Friday, October 29, 2010
Review: Superstars V8 Racing
Platform: PS3 (via PSN)
# of Players: 1 (online 1 - 8)
ESRB Rating: E (Everyone)
At a mere twenty bucks, the PSN download-only Superstars V8 Racing offers up a fast and fun chunk of quality racing at an excellent price. While comparing it directly to Sony's upcoming Gran Turismo 5 point by point is a bit of a stretch, the game is certainly worth picking up for its selection of V8-powered European cars, fun to drive real-world tracks and the handling model which balances simulation and arcade elements without going overboard on either. Like other Milestone-developed racers, there are a few menu and GUI quirks that make jumping into races take a bit longer than it should. Nevertheless, you're certainly going to be getting more than enough serious mileage out of the game that you'll be back for more for as long as it's on your hard drive.
US gamers not familiar with V8 racing (or more used to NASCAR or other non road-racing events) the TOCA series or other varied motor sports events might wonder what the appeal is in hitting the road in big-engined powerful European coupes and how Superstars compares to their favorite racers. Well, one race around any course in this game should do a great job of convincing any skepticism right out of you that this qualifies as a pretty serious (albeit arcade-like) racing experience. If you're new to a Milestone-developed racer, you won't simply blow the doors off the competition right away until you get a feel for each car's handling model and each track's twists and turns. Power-sliding constantly is a no-no, as you'll find yourself passed by the AI that simply loves to drive the courses as they should be driven.
Each of the real-world cars and tracks are modeled nicely and while not as cutting edge as a few other racers out there, the sense of realism is solid and believable. This isn't a Burnout, Need For Speed, Split Second or any other racer that boosts up colors and speed intentionally to add a Hollywood-like appeal to the racing action. Nevertheless, the dry presentation works if you love racing as a sport and can see what the developer has intended. Milestone's racers are fun to play because they show a developer that loves a specific type of auto racing and knows how to streamline the experience down so that it's accessible to any and all that want to hit the track without being completely dumbed down. You can turn off the assists and turn on the penalties for a more realistic experience, but expect to be flagged off the track if you try to play bumper cars...
The solid visuals and matter of fact presentation works perfectly if you happen to watch V8 racing or any other actual racing event where substance outpaces style. In reality, many road course-based racetracks are pretty plain-looking even with cars blazing around them and Milestone has done yet another fine programming job here. Having played a few of their other Superstars racers as well as their SBK motorcycle games, I'm used to the straightforward driving model and the tons of car adjustments that can be made pre-race. Sure, you can go with the default settings and still take home a win or three. But tweaking your spoiler, driving aids and other options pre-race and seeing better results for it is just a lot more satisfying.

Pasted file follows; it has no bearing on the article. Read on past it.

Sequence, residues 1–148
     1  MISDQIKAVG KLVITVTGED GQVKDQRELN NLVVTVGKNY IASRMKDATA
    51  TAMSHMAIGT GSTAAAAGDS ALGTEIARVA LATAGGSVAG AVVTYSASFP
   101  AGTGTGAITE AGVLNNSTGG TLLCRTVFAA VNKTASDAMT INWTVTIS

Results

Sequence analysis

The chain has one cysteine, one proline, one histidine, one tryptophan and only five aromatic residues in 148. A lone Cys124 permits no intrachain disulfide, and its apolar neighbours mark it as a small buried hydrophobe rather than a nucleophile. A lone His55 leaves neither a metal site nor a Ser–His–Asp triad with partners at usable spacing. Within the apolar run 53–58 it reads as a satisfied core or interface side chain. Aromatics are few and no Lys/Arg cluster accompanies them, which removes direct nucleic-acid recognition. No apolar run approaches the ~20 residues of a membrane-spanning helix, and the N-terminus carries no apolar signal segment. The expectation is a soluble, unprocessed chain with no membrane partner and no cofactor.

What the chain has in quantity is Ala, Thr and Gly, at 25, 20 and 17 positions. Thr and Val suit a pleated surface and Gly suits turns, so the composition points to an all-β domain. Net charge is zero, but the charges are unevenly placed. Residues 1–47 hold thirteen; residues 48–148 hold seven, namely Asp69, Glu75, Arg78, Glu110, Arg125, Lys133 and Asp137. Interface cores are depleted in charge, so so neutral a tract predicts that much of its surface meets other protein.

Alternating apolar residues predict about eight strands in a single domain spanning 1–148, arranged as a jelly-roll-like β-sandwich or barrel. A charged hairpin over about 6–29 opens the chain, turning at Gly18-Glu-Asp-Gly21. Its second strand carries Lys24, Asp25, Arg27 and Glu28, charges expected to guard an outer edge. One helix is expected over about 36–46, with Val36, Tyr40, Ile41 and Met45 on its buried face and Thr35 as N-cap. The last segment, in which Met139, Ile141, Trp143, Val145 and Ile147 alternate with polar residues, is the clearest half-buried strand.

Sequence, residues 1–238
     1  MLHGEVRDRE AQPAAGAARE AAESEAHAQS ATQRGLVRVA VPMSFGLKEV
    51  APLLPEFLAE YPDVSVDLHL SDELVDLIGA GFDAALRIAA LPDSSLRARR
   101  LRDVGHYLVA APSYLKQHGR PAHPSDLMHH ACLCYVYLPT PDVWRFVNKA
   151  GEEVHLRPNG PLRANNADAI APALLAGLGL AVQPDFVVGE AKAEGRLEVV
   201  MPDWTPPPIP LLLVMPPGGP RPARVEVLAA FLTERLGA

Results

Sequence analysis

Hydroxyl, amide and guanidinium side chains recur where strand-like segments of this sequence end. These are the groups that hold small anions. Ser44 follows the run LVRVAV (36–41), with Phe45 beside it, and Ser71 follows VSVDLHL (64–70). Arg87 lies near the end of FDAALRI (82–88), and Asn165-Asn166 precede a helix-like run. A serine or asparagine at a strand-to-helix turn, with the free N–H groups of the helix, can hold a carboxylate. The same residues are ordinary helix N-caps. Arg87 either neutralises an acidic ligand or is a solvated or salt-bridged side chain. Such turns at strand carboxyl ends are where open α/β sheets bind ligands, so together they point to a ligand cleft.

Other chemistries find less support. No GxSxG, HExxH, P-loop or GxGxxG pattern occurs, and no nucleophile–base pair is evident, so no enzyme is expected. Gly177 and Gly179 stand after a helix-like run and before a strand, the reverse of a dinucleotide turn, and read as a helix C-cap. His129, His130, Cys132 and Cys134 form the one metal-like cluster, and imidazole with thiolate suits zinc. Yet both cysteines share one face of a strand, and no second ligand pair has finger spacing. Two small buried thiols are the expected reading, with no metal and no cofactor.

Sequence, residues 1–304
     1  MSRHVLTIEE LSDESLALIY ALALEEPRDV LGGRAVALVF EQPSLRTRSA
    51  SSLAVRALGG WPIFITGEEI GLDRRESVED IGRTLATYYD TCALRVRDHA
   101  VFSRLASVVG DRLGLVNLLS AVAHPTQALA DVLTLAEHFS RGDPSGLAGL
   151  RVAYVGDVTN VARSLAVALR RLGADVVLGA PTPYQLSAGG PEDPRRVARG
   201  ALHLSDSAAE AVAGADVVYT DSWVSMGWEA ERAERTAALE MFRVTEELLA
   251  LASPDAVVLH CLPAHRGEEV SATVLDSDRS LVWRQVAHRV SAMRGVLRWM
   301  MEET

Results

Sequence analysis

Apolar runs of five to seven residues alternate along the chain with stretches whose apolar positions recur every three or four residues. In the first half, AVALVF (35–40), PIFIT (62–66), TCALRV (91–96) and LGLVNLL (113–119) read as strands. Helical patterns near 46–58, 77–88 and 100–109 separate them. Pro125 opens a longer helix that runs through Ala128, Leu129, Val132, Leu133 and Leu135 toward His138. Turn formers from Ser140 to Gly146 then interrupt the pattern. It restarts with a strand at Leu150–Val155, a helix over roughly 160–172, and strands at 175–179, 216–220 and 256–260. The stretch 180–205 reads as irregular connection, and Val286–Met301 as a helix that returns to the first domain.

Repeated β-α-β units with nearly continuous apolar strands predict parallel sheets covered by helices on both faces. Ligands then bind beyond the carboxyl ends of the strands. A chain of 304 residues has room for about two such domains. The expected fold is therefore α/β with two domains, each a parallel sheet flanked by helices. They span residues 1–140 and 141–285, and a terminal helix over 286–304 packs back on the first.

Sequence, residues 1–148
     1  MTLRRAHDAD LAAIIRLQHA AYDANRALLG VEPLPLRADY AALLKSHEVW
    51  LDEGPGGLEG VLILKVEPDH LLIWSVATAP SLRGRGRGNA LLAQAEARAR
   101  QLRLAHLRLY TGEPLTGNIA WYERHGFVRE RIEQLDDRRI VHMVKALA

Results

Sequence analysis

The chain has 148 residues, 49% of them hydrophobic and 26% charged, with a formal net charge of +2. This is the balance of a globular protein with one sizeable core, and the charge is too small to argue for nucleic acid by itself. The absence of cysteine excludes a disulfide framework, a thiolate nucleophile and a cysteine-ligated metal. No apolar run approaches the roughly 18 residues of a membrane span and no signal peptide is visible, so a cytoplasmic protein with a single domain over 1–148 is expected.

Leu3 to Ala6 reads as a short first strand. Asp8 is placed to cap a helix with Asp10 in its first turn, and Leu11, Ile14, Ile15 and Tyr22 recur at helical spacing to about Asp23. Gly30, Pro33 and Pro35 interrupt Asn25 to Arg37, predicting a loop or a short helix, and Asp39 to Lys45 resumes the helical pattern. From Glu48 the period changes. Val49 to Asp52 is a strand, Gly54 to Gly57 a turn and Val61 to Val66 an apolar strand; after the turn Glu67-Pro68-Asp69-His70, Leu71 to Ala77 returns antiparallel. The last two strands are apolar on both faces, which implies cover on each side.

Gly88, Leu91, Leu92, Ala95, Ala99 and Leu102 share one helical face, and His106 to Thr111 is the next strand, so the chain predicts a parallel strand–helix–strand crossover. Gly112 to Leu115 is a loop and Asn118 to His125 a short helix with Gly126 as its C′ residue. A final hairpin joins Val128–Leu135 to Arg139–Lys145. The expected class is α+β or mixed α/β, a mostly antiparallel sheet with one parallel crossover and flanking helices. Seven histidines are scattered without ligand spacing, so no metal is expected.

Granted, there are a wee too many menus and brief load screens when going into a race (and post race when auto-saving), but in this age of impatience, sometimes it's just good to slow down and be able to get a breath in before the big adrenaline rush a good race provides. There are a ton of Trophies to nab, some of which are pretty easy, while others demand perfection with cars that can be beasts to drive properly. While the cars and tracks look great, you'll see things such as trees and some background elements that look a little too fake for their own good or grandstands that could use a wee bit more race day liveliness. Sounds are great overall and I pretty much shut the music off after the first few races, as NOT hearing wailing guitars and other tunes actually helped me concentrate on the courses.
Online play is well implemented and as for competition, it ranged from slim to a pretty decent amount of live players the few times I logged on. If you're into awards, the nice load of offline and online Trophies will definitely keep you quite busy, particularly the more demanding ones that require specific cars, track times or track conditions. Other than the load times, my only other gripes would be with the lack of an inside the car view, the AI sometimes being too darn good when it gets in first place. Once you lose the lead (or if you're way in the back of the pack and moving up), it's as if the AI gets a rocket boost, blazing perfectly ahead while you fight it out with the pack. If you're in first place, you'll almost always find someone on your tail or trying to nudge you into the dirt when you slow down for a sharp turn. But hey - that's racing, right?
Bottom line, don't let the budget price fool you - this one's quite a blast for the money and a better deal than you'd expect, provided you're a fan of one type of racing-only games. Superstars V8 Racing is a good enough racer that proves that you don't need to be a total car nut to like and enjoy what's here. You just have to be in the mood for a budget game that's solid enough to sell for twice the price and there's nothing wrong with that, I always say...
Screenshot Gallery 1
Screenshot Gallery 2